School mobile phone bans considered in behaviour consultation

Mobile phone bans and other measures to promote “calm classrooms” will be considered as part of a consultation on behaviour and discipline in schools.

Tuesday, 29th June 2021, 4:55 am

Education Secretary Gavin Williamson said he wants to make the school day mobile-free, describing the devices as “not just distracting” but also potentially “damaging” when misused.

The idea is being considered as part of a six-week consultation, launched on Tuesday, seeking the views of teachers, parents and other staff on how to manage good behaviour.

The call for evidence comes ahead of planned updates to Government guidance later this year on behaviour, discipline, suspensions and permanent exclusions.

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Education Secretary Gavin Williamson said he wants to make the school day mobile-free

The Department for Education (DfE) has already announced details of its £10 million “behaviour hub” programme.

Headteachers and behaviour specialists from 22 “lead schools” and two academy chains with strong reputations for behaviour are mentoring and supporting schools struggling with poor discipline as part of the scheme.

The chosen schools are advising on a variety of issues – ranging from setting clear expectations to eliminate low-level disruption in classrooms, to more systematic approaches to maintaining order across the school, including forbidding the use of mobile phones and maintaining quiet corridors.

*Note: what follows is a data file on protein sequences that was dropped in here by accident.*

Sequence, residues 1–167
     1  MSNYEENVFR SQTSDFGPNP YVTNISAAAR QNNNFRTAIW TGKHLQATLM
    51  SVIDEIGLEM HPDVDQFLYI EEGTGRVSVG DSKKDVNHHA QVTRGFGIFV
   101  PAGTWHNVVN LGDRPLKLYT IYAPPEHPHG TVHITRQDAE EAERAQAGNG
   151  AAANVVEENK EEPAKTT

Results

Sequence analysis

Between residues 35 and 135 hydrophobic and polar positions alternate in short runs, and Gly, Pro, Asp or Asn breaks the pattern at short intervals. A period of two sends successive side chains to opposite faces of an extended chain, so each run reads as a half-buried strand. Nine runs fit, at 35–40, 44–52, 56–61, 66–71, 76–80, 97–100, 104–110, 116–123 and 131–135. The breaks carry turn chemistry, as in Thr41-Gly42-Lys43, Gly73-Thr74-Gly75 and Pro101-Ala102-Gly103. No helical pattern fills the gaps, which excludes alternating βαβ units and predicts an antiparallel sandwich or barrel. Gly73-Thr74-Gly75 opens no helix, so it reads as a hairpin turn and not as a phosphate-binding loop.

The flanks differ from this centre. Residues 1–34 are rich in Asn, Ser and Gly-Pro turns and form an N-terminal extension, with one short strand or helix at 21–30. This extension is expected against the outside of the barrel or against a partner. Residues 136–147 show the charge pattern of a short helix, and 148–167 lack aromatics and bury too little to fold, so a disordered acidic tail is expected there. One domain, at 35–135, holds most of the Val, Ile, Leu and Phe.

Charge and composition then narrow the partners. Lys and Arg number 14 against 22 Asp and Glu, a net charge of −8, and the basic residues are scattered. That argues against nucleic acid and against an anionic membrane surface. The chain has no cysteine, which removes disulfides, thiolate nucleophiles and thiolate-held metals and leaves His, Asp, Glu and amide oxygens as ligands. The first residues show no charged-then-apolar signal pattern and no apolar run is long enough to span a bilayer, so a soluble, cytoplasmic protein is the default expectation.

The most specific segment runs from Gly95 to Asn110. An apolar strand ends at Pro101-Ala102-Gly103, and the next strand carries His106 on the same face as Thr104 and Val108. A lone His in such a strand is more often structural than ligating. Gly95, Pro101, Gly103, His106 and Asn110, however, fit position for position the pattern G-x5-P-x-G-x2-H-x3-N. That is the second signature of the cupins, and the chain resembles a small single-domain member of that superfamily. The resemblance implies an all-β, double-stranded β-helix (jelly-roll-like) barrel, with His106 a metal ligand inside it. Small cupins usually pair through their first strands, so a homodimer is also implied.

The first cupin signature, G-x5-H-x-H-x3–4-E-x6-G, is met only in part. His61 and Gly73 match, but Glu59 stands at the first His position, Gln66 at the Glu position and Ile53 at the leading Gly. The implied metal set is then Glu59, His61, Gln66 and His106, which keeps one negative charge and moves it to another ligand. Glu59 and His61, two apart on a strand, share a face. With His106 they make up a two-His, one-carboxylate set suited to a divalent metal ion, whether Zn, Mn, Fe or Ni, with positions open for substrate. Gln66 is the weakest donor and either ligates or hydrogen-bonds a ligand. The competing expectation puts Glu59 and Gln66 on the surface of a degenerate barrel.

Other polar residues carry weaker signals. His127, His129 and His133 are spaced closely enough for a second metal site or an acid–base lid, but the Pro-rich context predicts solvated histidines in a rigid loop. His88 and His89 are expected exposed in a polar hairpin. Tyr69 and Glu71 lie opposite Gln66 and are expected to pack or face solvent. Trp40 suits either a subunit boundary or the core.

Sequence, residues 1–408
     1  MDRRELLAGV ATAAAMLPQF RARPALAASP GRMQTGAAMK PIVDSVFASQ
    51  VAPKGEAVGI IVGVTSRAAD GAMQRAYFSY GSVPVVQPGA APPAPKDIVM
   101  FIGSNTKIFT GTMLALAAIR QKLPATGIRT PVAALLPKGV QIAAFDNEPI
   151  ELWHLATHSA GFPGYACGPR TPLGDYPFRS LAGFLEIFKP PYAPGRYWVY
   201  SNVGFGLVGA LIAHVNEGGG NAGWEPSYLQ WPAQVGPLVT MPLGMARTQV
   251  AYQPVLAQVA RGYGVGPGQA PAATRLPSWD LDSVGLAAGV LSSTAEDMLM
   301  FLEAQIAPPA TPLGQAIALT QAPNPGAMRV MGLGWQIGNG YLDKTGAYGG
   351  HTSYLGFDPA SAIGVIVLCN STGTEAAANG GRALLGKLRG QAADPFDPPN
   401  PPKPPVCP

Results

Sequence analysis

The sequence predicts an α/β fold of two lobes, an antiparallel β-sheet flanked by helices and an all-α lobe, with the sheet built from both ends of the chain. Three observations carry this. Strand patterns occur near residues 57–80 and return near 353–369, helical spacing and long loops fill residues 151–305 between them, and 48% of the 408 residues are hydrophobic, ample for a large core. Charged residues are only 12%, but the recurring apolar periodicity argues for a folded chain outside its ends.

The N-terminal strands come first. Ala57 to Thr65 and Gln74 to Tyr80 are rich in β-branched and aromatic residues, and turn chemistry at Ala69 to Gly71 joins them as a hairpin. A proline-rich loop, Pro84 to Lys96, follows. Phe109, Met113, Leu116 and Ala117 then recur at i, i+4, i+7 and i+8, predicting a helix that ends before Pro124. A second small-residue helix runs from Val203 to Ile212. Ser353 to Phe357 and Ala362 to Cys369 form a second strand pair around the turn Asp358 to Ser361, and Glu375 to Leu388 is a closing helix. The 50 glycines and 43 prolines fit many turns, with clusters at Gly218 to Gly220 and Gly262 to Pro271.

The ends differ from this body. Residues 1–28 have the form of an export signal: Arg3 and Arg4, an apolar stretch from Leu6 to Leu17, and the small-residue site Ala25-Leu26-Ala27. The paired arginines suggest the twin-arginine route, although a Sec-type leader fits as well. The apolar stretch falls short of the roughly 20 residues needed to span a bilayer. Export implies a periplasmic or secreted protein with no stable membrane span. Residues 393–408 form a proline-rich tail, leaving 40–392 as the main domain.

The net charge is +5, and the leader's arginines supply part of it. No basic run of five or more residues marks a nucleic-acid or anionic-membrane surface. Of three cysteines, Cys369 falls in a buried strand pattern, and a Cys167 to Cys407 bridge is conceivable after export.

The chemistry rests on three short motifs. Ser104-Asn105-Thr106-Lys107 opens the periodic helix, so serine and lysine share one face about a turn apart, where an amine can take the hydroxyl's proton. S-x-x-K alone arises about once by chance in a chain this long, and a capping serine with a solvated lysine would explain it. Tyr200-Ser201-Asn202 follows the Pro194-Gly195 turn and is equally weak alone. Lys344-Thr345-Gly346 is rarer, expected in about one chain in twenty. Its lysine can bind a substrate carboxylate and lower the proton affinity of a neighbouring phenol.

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Mr Williamson said: “No parent wants to send their child to a school where poor behaviour is rife. Every school should be a safe place that allows young people to thrive and teachers to excel.

“Mobile phones are not just distracting, but when misused or overused, they can have a damaging effect on a pupil’s mental health and wellbeing. I want to put an end to this, making the school day mobile-free.

“In order for us to help pupils overcome the challenges from the pandemic and level up opportunity for all young people, we need to ensure they can benefit from calm classrooms which support them to thrive.”

The Association of School and College Leaders (ASCL) accused Mr Williamson of “playing to backbenchers” with his plans.

General secretary Geoff Barton said: “The Education Secretary appears to be obsessed with the subject of mobile phones in schools. In reality, every school will already have a robust policy on the use of mobile phones; it isn’t some sort of digital free-for-all.

“Approaches will vary between settings and contexts, but this is an operational decision for schools, not something that can be micromanaged from Westminster.

“Frankly, school and college leaders would prefer the Education Secretary to be delivering an ambitious post-pandemic recovery plan and setting out how he intends to minimise educational disruption next term, rather than playing to backbenchers on the subject of behaviour.”

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